The VICE Morning Bulletin

The VICE Morning Bulletin

Trump Jr. was told via email that Russians were trying to help his dad, US soldier charged with trying to give ISIS classified material, cop who shot Philando Castile to receive $48,500 buyout, and more.

by VICE Staff
Jul 11 2017, 2:30pm

Photo by Ethan Miller/Getty Images

Everything you need to know about the world this morning, curated by VICE.

US News

Trump Jr. Told Russians Wanted to Help Dad's Campaign in Email
Donald Trump Jr. agreed to meet a Russian lawyer on the understanding that the country's government was trying to help his father's campaign by providing damaging information on Hillary Clinton, according to the reported contents of an email from publicist Rob Goldstone. Goldstone helped set up the meeting with Natalia Veselnitskaya, who is said to have deep ties to the Kremlin. Meanwhile, Trump Jr. has hired Alan Futerfas, a criminal defense attorney who has worked for clients with alleged connections to New York crime families.—The New York Times/BuzzFeed News

Military Plane Crash in Mississippi Leaves 16 Dead
At least 16 people were killed when a military plane carrying Marines crashed in rural Mississippi Monday. Several "high-intensity" explosions from the wreckage are believed to have come from ammunition on the KC-130 plane. It's unclear whether any civilians were on board.—The Clarion-Ledger

US Soldier Charged with Trying to Help ISIS with Drone, Training, Docs
A US Army sergeant has been arrested and charged for allegedly attempting to provide ISIS with classified military material, including a drone. Ikaika Erik Kang, of the 25th Infantry Division, had been monitored for about 12 months before he was arrested Saturday. The 34-year-old Army sergeant is also accused of training a person he believed to be an ISIS militant.—VICE News/Reuters

Cop Who Shot Philando Castile Getting $48,500 to Step Down
The cop acquitted of manslaughter in the fatal shooting of Philando Castile is to receive $48,500 compensation as part of a deal severing ties with his old department. The city of St. Anthony said in a statement that the "separation agreement" for Jeronimo Yanez was "the most thoughtful way to move forward and help the community-wide healing process proceed." The idea was apparently that, as someone who dodged conviction, Yanez might be able to make a fuss over being ousted as a public employee.—AP

International News

Colombian Man Arrested for Threatening Ariana Grande Show Attack
Police arrested a 22-year-old Colombian man for allegedly threatening to attack an Ariana Grande show in the Costa Rican city of Alajuela. Police chief Walter Espinoza said cops were trying to verify whether there had been a "real threat." The concert took place without drama.—BBC News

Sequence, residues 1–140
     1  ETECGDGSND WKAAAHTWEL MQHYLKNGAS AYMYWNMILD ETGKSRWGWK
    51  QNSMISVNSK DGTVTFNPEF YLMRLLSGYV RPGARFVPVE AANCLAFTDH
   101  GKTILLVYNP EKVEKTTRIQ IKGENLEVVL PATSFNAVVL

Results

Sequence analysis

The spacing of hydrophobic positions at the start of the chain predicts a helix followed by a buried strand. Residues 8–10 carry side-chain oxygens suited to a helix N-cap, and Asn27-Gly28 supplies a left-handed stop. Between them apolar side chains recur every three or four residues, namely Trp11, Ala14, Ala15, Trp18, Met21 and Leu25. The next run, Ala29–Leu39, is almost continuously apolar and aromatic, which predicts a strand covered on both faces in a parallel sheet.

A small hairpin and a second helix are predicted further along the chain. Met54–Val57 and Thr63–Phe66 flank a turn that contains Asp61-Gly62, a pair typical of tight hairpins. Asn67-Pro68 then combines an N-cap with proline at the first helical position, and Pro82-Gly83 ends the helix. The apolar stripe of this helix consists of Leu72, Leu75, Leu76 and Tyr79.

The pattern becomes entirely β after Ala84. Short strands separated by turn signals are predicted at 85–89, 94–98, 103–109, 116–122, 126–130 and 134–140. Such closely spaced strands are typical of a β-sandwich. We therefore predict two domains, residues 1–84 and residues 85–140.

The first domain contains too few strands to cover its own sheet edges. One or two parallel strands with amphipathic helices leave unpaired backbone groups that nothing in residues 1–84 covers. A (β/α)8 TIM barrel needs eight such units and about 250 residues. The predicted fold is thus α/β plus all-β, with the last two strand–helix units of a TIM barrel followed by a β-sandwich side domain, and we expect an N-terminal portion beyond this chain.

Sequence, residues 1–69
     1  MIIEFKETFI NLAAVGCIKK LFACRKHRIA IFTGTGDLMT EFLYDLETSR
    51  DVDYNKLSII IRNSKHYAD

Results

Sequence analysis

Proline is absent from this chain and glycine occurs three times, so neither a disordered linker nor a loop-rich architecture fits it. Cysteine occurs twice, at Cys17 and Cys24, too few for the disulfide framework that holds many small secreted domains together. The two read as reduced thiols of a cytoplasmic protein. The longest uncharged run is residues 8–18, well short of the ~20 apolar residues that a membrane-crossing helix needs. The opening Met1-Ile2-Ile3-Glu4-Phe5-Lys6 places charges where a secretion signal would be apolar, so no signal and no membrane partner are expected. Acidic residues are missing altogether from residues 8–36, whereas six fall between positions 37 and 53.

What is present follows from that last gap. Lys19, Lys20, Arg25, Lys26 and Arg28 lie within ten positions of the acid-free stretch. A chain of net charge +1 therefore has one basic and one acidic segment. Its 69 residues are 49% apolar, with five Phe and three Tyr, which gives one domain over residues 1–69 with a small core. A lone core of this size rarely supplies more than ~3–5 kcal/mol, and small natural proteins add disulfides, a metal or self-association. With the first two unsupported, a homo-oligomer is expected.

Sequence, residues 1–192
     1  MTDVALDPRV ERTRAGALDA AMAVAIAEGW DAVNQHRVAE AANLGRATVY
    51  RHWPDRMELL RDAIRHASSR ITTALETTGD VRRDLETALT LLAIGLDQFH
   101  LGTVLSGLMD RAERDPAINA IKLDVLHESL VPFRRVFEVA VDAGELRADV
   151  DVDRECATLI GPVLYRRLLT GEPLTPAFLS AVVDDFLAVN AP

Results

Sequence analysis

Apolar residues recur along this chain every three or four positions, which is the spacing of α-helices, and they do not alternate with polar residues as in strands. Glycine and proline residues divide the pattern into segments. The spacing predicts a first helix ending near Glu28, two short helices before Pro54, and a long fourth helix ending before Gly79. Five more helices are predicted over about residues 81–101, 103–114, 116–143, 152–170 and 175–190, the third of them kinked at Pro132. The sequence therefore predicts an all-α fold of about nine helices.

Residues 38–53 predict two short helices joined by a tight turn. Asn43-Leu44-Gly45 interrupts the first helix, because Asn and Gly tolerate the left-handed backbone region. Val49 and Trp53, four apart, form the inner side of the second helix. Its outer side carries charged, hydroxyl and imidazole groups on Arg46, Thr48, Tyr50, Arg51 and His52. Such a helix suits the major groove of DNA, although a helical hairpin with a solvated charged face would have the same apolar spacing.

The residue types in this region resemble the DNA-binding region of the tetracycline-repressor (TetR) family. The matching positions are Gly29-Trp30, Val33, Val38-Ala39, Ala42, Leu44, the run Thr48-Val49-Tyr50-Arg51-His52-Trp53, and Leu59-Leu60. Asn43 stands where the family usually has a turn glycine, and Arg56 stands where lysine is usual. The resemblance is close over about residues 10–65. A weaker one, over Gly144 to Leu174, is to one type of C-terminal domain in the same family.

Seven Hindu Pilgrims Killed in Kashmir Gun Battle
Seven Hindu pilgrims were killed when their tour bus strayed into the crossfire between militants and police in Indian-ruled Kashmir. An additional 12 pilgrims, returning from a trip to the Amarnath shrine in the Himalayas, were wounded. The gun battle was said to begin when militants assaulted a police outpost near Anantnag.—Reuters

Iraqi and Coalition Forces in Mosul Accused of Unlawful Attacks
Human rights NGO Amnesty International has accused Iraqi and coalition forces of contributing to a "civilian catastrophe" in western Mosul during the fight to clear ISIS from the city. The Amnesty report said civilians were "subjected to relentless and unlawful attacks by Iraqi government forces and members of the US-led coalition."—VICE News

Humans to Blame for Ongoing Sixth Mass Extinction of Wildlife
The rapid loss of animal species in recent years has propelled us into the sixth "mass extinction" in Earth's history, according to new scientific research. A study in the Proceedings of the National Academy of Sciences blamed the rapid expansion of the human population and excess consumption for a "biological annihilation" that could spell trouble for mankind, too.—The Guardian

Everything Else

Group Forms to Draft The Rock for President
A campaign committee has filed with election authorities to encourage Dwayne "The Rock" Johnson to run for president. "Run the Rock 2020" was registered with the Federal Election Commission by an individual named Kenton Tilford.—The Hill

'Moonlight' Director Adapting James Baldwin Novel
Barry Jenkins, director of the Oscar-winning film Moonlight, will direct an adaptation he wrote of James Baldwin's 1974 novel If Beale Street Could Talk. Jenkins said bringing the story to the big screen was "a dream I've long held dear."—Variety

Gwen Stefani Fan Sues Singer After Injury
A North Carolina woman who attended a Gwen Stefani concert is suing the singer and promoter Live Nation after her leg was broken at the show. Lisa Sticklin alleges Stefani helped caused the accident by encouraging fans to move closer to the stage.—Billboard

George R.R. Martin Adapting African Sci-Fi Novel for HBO
George R.R. Martin is developing an adaptation of science-fiction writer Nnedi Okorafor's novel Who Fears Death, a vision of apocalyptic Africa, for HBO. Okorafor announced HBO had optioned her book and Martin would be executive producer.—VICE

Playboi Carti Releases Magnolia Video
Playboi Carti dropped a video for his hit track "Magnolia." In it, the Atlanta rapper's friends do the Milly Rock dance in New York City, and the MC blazes with mentor A$AP Rocky in the back of a car.—Noisey

Most Republicans Think College Is Ruining America, Poll Says
A new survey from Pew Research Center found 58 percent of Republicans and GOP leaners think colleges and universities "have a negative effect on the country." The proportion of Republicans miffed at higher education has risen by 13 percentage points over the past year alone.—VICE